DeVasto v. Faherty, 479 F. Supp. 1069 (D. Mass. 1979)

US District Court for the District of Massachusetts - 479 F. Supp. 1069 (D. Mass. 1979)
November 14, 1979

479 F. Supp. 1069 (1979)

Robert FAHERTY, John Tobin, James Crowley, David Johnstone, and Patrick Rose.

Civ. A. No. 77-975-Z.

United States District Court, D. Massachusetts.

November 14, 1979.

Jeffrey W. Kobrick, Cambridge, Mass., Civil Liberties Union of Mass., John Reinstein, Boston, Mass., for plaintiff.

Steven P. Perlmutter, Thomas F. McKenna, Jr., Asst. Corp. Counsel, City of Boston Law Dept., John J. Giuliani, Jr., Senior Legal Assist. Penal Institutions Dept., City of Boston, Boston, Mass., for defendants.


ZOBEL, District Judge.

This civil rights action arises from a search of plaintiff's home by defendant police officers of the City of Boston and corrections officers of the Boston Penal Department. Plaintiff brings her claim pursuant to 42 U.S.C. § 1983 and Amendments Four, Eight, and Fourteen to the U.S. Constitution.[1] The case is before me on plaintiff's motion for leave to amend her complaint to add the City of Boston as a defendant, and on defendants' motion for partial summary judgment.

The events in question took place on June 26, 1976. On that date defendants entered and searched plaintiff's home in West Roxbury for her son Arthur DeVasto, who had earlier escaped from the Deer Island House of Correction. Defendants entered plaintiff's home without permission and conducted the search over plaintiff's protest. They *1070 possessed an arrest warrant, but did not have a search warrant. They did not find Arthur DeVasto in plaintiff's home. Plaintiff claims that Arthur DeVasto had not lived at her home immediately prior to his incarceration, and that she had informed defendants both at the time of their forced entry and earlier that evening that her son was not at her home. She also asserts that on both visits she informed defendants that they would not be admitted to her house without a search warrant. She further alleges that although she did not resist Officer Faherty's entry, he assaulted her after breaking open her door by "grabbing her arms and throwing her through the doorway and down a flight of steps." Defendants conceded that they entered the house without plaintiff's permission, but state that it was plaintiff who first attacked by punching Officer Rose, who then "grabbed the plaintiff by both arms to . . . protect himself". Plaintiff contends both that the search without a search warrant and the alleged assault upon her person were unconstitutional, and she seeks damages for both.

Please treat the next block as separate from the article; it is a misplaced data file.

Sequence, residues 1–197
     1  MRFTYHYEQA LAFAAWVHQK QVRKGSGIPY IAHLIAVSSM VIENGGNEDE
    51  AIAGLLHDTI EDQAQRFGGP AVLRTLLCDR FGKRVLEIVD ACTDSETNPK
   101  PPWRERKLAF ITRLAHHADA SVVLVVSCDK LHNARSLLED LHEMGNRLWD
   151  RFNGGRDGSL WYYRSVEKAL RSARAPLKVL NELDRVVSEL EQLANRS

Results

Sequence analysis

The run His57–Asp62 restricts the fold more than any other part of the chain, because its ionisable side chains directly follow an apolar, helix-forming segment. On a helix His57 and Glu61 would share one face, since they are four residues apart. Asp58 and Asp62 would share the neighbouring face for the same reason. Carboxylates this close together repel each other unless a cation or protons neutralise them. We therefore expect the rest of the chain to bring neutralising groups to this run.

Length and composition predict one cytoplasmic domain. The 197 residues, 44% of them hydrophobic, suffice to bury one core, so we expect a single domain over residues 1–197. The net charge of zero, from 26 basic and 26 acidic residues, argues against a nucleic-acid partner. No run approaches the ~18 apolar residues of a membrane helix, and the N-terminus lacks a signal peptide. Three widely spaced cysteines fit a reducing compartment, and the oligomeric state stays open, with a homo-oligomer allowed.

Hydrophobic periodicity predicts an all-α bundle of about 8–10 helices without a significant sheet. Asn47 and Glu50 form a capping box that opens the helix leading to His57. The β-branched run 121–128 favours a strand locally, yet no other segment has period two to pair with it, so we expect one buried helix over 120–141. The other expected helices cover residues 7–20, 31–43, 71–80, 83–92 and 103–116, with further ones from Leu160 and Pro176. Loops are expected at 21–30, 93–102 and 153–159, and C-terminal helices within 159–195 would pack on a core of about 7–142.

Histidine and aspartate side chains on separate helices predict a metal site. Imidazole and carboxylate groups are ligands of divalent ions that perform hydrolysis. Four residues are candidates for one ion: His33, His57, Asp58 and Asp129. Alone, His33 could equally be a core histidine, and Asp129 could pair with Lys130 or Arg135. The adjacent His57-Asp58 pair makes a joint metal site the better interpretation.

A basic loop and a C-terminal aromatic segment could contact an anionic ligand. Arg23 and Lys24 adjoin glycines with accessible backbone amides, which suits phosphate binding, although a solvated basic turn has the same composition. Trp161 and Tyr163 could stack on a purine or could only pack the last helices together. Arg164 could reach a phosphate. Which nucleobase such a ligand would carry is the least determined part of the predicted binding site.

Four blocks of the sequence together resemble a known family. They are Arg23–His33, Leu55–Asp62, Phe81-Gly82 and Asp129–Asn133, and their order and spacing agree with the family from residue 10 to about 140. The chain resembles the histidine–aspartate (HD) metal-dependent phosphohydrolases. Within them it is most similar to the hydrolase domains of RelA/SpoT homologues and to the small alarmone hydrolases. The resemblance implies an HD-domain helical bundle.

Plaintiff has moved to amend her complaint to add the City of Boston ("City") as a defendant upon the theory that liability for the allegedly illegal search must be shared by the City which, admittedly in good faith, trained and instructed its police officers to conduct searches of private homes without search warrants. Defendants oppose the motion on the ground that plaintiff's concession that the City acted in good faith cloaks those actions in a shroud of immunity. The proposed amendment would thus be insufficient to state a claim, and the Court should deny plaintiff leave to amend.